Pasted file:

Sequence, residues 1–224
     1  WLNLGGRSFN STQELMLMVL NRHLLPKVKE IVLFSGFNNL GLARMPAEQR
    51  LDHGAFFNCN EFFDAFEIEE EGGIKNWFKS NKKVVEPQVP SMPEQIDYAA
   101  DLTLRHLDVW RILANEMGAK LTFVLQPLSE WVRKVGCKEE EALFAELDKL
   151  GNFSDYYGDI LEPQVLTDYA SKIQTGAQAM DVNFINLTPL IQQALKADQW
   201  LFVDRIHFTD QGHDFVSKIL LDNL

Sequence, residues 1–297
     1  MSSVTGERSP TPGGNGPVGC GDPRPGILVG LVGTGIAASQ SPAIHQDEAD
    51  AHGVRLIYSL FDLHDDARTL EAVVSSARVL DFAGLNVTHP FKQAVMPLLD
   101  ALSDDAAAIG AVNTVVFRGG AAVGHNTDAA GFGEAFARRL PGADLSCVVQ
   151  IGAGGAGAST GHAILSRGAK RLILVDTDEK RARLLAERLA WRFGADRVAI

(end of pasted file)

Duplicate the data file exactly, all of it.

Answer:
Sequence, residues 1–224
     1  WLNLGGRSFN STQELMLMVL NRHLLPKVKE IVLFSGFNNL GLARMPAEQR
    51  LDHGAFFNCN EFFDAFEIEE EGGIKNWFKS NKKVVEPQVP SMPEQIDYAA
   101  DLTLRHLDVW RILANEMGAK LTFVLQPLSE WVRKVGCKEE EALFAELDKL
   151  GNFSDYYGDI LEPQVLTDYA SKIQTGAQAM DVNFINLTPL IQQALKADQW
   201  LFVDRIHFTD QGHDFVSKIL LDNL

Sequence, residues 1–297
     1  MSSVTGERSP TPGGNGPVGC GDPRPGILVG LVGTGIAASQ SPAIHQDEAD
    51  AHGVRLIYSL FDLHDDARTL EAVVSSARVL DFAGLNVTHP FKQAVMPLLD
   101  ALSDDAAAIG AVNTVVFRGG AAVGHNTDAA GFGEAFARRL PGADLSCVVQ
   151  IGAGGAGAST GHAILSRGAK RLILVDTDEK RARLLAERLA WRFGADRVAI